• Monthly Non-Day Pass Customer revenue including total for 2021
• Total Ebike revenue for 2021
2. Prepare a forecast of 2022 revenue that is generated by the ebikes on a month-bymonth basis. As above, assume that 10% of riders (except those who buy Day Passes)
who start their rides in Zone 1 each month end their rides in Zone 2. Do not consider
the annual fee paid by subscribers as their subscription makes all bikes (classic and
ebikes) available to them. See applicable tables above for differences in 2022 compared
to 2021. Prepare individual worksheets for:
• Monthly Subscriber ebike revenue including total for 2022
• Monthly Day Pass Customer ebike revenue including total for 2022
• Monthly Non-Day Pass Customer revenue including total for 2022
• Total ebike revenue for 2022
3. The BOD has also asked for your evaluation of a proposal whereby management would
make multi-day passes available to Customers. They have considered introducing a 2Day Pass and/or a Weekend Pass. Choose one of these two options, or another one if
you prefer, and apply it to the revenue forecast for Customers that you prepared for
2022 in Requirement 2. Be sure to formulate a pricing model for the multi-day passes in
both Zone 1 and Zone 2. Also, realize that the sale of multi-day passes will impact the
expected number of Day Passes sold in 2022 – see Table 3 above. It could also impact
the number Customer rides by those who do not buy Day Passes. Clearly state any
reasonable assumptions that were made in your analysis. This includes the percentage
of single and multi-day Day Pass riders who begin their rides in Zone 1 but end their
rides in Zone 2. The objective of your proposal is to enhance revenue generated by the
ebikes. Illustrate the effect of your proposal on the 2022 Customer revenue forecast
from Requirement 2 with a “before” and “after” presentation of 2022 Customer
forecast revenue. Keep in mind that your proposal is to focus on Customers only as your
proposal will not affect Subscriber revenue.
ACC 640, Accounting Theory and Policy Formulation
Data Analytics Assignment
Spring 2022
Background information
Divvy is the bicycle sharing system of the Chicago Department of Transportation (CDOT). CDOT
owns the city’s bikes, the bike stations, and service vehicles. Initial funding for the program
came from federal grants for projects that promote economic recovery, reduce traffic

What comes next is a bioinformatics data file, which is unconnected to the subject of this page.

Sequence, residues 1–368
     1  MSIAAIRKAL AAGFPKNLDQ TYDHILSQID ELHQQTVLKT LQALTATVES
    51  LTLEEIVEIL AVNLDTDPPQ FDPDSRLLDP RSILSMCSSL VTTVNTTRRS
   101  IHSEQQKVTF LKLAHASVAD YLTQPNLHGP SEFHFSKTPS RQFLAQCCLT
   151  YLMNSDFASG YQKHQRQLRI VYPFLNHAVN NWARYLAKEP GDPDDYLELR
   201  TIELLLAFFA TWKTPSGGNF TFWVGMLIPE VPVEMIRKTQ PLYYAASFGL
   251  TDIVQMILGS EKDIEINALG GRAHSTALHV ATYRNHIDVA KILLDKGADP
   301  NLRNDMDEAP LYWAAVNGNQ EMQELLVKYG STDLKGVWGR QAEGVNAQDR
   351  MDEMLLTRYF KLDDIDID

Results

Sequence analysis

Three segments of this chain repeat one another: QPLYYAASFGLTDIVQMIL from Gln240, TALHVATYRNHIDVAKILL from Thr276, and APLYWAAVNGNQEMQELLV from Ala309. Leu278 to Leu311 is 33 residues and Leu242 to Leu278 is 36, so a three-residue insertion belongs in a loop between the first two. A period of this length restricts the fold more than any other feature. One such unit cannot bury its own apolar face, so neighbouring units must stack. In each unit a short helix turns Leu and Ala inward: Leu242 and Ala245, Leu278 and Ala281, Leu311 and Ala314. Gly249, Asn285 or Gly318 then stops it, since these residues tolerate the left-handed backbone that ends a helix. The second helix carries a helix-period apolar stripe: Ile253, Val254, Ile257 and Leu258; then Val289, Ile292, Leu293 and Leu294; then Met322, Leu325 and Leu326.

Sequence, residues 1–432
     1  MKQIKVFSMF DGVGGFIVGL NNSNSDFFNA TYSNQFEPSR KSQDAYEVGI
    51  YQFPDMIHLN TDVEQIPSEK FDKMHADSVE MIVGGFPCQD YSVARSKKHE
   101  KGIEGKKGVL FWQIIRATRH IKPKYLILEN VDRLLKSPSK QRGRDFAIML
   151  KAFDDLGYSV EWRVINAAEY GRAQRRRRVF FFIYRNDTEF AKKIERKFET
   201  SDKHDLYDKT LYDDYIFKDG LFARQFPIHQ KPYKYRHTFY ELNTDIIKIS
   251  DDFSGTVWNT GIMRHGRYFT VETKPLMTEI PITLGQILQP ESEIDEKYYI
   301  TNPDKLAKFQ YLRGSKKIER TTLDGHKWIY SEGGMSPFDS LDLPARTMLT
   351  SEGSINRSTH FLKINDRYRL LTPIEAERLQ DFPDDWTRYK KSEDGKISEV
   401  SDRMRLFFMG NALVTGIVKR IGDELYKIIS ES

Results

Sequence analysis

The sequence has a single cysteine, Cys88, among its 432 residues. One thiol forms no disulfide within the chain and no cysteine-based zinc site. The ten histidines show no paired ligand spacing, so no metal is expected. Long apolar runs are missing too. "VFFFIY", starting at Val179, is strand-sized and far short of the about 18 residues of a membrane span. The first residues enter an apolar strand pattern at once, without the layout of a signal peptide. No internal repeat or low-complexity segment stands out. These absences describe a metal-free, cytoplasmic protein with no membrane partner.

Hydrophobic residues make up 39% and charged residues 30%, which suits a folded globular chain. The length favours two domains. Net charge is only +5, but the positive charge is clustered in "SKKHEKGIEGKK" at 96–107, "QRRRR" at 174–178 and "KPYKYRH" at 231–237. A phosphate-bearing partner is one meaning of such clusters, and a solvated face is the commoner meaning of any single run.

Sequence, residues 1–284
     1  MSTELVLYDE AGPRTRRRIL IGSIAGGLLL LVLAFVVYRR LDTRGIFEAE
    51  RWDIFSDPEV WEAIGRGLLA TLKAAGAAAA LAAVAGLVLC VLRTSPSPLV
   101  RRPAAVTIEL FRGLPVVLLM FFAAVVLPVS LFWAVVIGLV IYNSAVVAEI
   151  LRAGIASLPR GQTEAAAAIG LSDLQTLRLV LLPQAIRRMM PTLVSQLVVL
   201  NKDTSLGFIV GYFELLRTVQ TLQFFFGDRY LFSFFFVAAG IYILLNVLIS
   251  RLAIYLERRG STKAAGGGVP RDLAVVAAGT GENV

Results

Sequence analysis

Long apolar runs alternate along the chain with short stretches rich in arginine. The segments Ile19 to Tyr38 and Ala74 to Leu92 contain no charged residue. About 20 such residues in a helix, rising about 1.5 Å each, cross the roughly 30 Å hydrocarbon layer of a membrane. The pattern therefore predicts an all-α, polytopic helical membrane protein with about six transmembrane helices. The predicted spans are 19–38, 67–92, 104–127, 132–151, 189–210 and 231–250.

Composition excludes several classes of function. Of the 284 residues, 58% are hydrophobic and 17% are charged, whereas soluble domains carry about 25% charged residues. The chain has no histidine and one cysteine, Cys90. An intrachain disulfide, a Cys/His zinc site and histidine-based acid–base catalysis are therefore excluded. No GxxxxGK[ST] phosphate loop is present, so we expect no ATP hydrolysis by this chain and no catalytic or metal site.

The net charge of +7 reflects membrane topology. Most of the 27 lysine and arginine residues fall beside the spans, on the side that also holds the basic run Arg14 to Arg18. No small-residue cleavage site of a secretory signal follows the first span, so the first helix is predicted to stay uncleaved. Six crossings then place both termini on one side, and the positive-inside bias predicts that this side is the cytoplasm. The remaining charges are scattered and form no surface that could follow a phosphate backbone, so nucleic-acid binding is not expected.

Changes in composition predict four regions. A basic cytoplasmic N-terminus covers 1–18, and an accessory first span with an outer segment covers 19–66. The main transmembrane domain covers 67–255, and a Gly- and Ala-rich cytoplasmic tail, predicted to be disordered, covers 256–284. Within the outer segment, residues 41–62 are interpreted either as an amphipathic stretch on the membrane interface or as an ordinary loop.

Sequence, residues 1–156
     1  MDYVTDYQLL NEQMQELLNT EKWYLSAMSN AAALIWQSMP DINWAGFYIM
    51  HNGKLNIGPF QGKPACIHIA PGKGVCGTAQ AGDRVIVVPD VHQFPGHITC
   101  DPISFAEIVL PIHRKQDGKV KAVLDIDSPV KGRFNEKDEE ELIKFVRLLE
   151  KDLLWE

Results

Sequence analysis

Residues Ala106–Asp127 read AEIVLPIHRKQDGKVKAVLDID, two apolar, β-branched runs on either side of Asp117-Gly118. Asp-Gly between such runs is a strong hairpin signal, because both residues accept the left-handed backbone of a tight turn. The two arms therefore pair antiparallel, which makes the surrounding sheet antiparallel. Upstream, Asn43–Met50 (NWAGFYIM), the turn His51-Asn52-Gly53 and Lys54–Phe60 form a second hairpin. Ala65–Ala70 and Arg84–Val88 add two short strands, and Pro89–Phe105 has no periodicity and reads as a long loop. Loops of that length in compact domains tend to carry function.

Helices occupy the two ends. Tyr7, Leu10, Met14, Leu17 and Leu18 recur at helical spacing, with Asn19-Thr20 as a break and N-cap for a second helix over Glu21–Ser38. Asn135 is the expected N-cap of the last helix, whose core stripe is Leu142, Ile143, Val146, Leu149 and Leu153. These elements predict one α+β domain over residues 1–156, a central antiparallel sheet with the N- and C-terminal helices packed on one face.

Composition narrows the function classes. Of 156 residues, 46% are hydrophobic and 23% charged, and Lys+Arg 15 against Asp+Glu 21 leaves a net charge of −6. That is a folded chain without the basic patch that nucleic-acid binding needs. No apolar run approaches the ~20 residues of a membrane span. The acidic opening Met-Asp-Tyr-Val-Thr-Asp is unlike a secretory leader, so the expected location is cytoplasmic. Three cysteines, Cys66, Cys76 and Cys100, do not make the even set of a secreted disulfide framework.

congestion, and improve air quality. Additional funds came from the City’s Tax Increment
Financing program. On June 28, 2013, Divvy was launched with 750 bikes at 75 stations from
the Loop north to Berwyn Ave, west to Kedzie Ave, and south to 59th St.
Currently, Divvy is operated by Motivate (owned by Lyft) for the CDOT. The system currently
includes roughly 5,800 bicycles spread among 581 stations in an area bounded by 87th St. on
the south, Central St. in Evanston on the north, Rainbow Beach Park near South Shore Dr. on
the east, and Harlem Ave.in Oak Park on the west. Divvy bikes are available for use 24 hours a
day, 7 days a week, 365 days a year, and riders have access to all bikes and all stations across
the system.
Today, the Divvy is the second largest bikeshare in the country. The system in New York City is
the only larger one in the country. In total, 119 cities in the U.S have bike share programs.
Financial obligations
A nine-year contract exists between The City of Chicago and Lyft (owner of the current Divvy
operator, Motivate) to give them (Lyft) the exclusive rights to operate the city-owned system
and retain a portion of future advertisement revenue. The contract, finalized in April 2019,
transferred the responsibility of running the Divvy system from the City to Lyft. According to
the terms of the contract, Lyft/Motivate is entitled to all receipts from the bikeshare operations
but must pay an annual fee to the City of Chicago.
The contract between the City and Lyft dramatically increases the annual guaranteed revenues
payable to the City while reducing its financial risk. Lyft was/is obligated to pay the City an
annual amount of $6 million (first payment in June 2019) that increases by four percent
annually. A payment of $6.24 million was made to the City in June 2020 followed by a
payment of $6,489,600 in June 2021. The June 2022 payment is scheduled at $6,749,184.
Further, the City will receive a minimum of $1.5 million annually in guaranteed revenue from
Lyft from advertising and promotions as well as five percent of all revenue from Divvy bike
riders in excess of $20 million per year.
Over the nine-year life of the contract, the City will collect a minimum of $77 million in
guaranteed revenue from Lyft. These funds will be available for investment in transportation
improvements and programming. Finally, the contract requires Lyft to invest $50 million to add
175 stations and 10,500 bikes to the Divvy system, expand the system to all 50 City of Chicago
wards by 2021, and add electric pedal bikes (ebikes) that can be locked to both docks at Divvy
stations and conventional bike racks.
Pricing
Prior to the summer of 2020, there were no electric bikes (ebikes) in the Divvy system. Ebikes
were introduced in July 2020. Before ebikes were introduced to the system, all bikes were